Tissue Distribution of 125I-human Nonspecific Polyclonal IgG in Normal and Induced Inflammation Mice

Authors

Abstract

Many different radiolabeled antibodies have been used for radioimmunotherapy and radioimmunoscintigraphy of human diseases in animal experiments. In order to study the in vivo tissue distribution of antibody, we labeled human nonspecific polyclonal IgG with Na125I using chloramine-T method. An animal model was developed by injecting turpentine in the posterior left thigh of Balb/c mice. Tissue distribution of 125I-IgG was assessed in normal and induced inflammation mice. Although labeled IgG accumulated in normal tissues such as liver, spleen and blood, its localization in inflammatory left thigh was significantly different from normal right thigh. Thus, by using the radiolabeling methods of IgG in order to increase the target-to-background ratio, antibody scintigraphy could be suggested as a powerful diagnostic tool for inflammation.

Keywords


Tissue Distribution of 125I-human Nonspecific Polyclonal IgG in Normal and Induced Inflammation Mice

Iranian Journal of Pharmaceutical Research 2002, 1:55-59
Received: April 2002
Accepted: July 2002

Original Article

Tissue Distribution of 125I-human Nonspecific Polyclonal IgG in Normal and Induced Inflammation Mice

Soraya Shahhosseini*a, Mohammad Hossein Babaeib, Reza Najafib

aDepartment of Pharmacetical Chemistry, School of Pharmacy, Shaheed Beheshti University of Medical Sciences and Health Services, Tehran, Iran. bRadioisotopes Division, Nuclear Research Center, Atomic Energy Organization of Iran, Tehran, Iran.
* sshahhosseini@irimc.org

Abstract

Many different radiolabeled antibodies have been used for radioimmunotherapy and radioimmunoscintigraphy of human diseases in animal experiments. In order to study the in vivo tissue distribution of antibody, we labeled human nonspecific polyclonal IgG with Na125I using chloramine-T method. An animal model was developed by injecting turpentine in the posterior left thigh of Balb/c mice. Tissue distribution of 125I-IgG was assessed in normal and induced inflammation mice. Although labeled IgG accumulated in normal tissues such as liver, spleen and blood, its localization in inflammatory left thigh was significantly different from normal right thigh. Thus, by using the radiolabeling methods of IgG in order to increase the target-to-background ratio, antibody scintigraphy could be suggested as a powerful diagnostic tool for inflammation.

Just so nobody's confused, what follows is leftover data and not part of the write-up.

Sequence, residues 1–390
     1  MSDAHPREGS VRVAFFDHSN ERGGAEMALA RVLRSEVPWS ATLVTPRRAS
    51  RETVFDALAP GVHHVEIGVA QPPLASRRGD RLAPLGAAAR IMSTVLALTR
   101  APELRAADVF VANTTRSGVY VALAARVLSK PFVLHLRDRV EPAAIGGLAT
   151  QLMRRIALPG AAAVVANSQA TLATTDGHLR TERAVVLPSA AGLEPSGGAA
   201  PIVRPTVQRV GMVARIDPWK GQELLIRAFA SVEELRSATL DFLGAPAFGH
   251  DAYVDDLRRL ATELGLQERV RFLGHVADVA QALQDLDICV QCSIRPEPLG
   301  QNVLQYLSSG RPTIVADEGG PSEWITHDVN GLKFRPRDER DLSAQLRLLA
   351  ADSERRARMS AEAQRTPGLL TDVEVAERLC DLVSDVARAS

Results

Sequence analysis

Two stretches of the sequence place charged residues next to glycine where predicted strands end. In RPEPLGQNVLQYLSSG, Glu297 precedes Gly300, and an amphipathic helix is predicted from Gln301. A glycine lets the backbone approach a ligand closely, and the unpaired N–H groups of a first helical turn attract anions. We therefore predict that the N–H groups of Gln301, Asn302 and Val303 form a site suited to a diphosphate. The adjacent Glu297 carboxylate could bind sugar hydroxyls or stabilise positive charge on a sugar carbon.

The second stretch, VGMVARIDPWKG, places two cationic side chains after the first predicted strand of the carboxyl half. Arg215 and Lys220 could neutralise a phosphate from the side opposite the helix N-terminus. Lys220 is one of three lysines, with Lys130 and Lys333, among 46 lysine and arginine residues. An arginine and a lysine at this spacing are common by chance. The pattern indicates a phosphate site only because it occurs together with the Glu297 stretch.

Keywords: Immunoscintigraphy; Turpentine; Immunoglobulin (Ig); Percent Injected Dose per gram tissue (% ID/g).

Introduction

Various antibodies have been labeled with different radionuclides and used for radioimmunoimaging (1-6). The most important limitation of this application is that the labeled antibodies accumulate not only in the target but also in normal tissues (nontarget). To overcome this, several methods have been proposed (7-11). Most of the investigations are focused on improving radiolabeling methods (12) resulting in reduction of background activity and enhancement of target-to-background ratio. Radiolabeled leukocytes and a few radiopharmaceuticals such as 67Ga-citrate and 99mTc-labeled antigranulocytes antibody preparations can be used to detect infectious and inflammatory foci (13). Since human nonspecific polyclonal IgG accumulates in inflammatory and infectious foci, in this paper, we studied the tissue distribution of whole IgG labeled with Na125I using chloramine-T method in normal and induced inflammation mice.

Experimental

125I as Na125I with specific activity of 100 m ci/m l in NaOH was purchased from Amersham. IgG was prepared from human plasma (14) and was iodinated by Chloramin-T method (15). Briefly, 100 m g of IgG was incubated with 2 mci of Na125I and 25 m g of chloramin-T for 1min. Free radioactive iodine was separated by Sephadex G-50 column chromatography. Specific activity of 125I- IgG was estimated to be between 5-10 mci/mg.